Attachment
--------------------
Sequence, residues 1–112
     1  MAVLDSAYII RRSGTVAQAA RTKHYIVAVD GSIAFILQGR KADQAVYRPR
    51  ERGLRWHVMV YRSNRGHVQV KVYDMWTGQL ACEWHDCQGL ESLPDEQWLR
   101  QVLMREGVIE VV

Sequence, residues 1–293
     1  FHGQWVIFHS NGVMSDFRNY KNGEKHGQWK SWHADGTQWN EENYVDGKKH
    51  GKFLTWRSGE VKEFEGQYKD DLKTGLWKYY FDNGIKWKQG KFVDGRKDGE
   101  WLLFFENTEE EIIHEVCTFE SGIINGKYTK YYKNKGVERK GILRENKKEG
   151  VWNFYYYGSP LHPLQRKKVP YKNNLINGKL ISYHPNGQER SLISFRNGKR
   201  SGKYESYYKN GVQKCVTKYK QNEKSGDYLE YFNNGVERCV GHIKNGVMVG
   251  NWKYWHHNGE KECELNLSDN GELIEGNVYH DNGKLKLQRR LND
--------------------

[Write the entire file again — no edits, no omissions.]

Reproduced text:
Sequence, residues 1–112
     1  MAVLDSAYII RRSGTVAQAA RTKHYIVAVD GSIAFILQGR KADQAVYRPR
    51  ERGLRWHVMV YRSNRGHVQV KVYDMWTGQL ACEWHDCQGL ESLPDEQWLR
   101  QVLMREGVIE VV

Sequence, residues 1–293
     1  FHGQWVIFHS NGVMSDFRNY KNGEKHGQWK SWHADGTQWN EENYVDGKKH
    51  GKFLTWRSGE VKEFEGQYKD DLKTGLWKYY FDNGIKWKQG KFVDGRKDGE
   101  WLLFFENTEE EIIHEVCTFE SGIINGKYTK YYKNKGVERK GILRENKKEG
   151  VWNFYYYGSP LHPLQRKKVP YKNNLINGKL ISYHPNGQER SLISFRNGKR
   201  SGKYESYYKN GVQKCVTKYK QNEKSGDYLE YFNNGVERCV GHIKNGVMVG
   251  NWKYWHHNGE KECELNLSDN GELIEGNVYH DNGKLKLQRR LND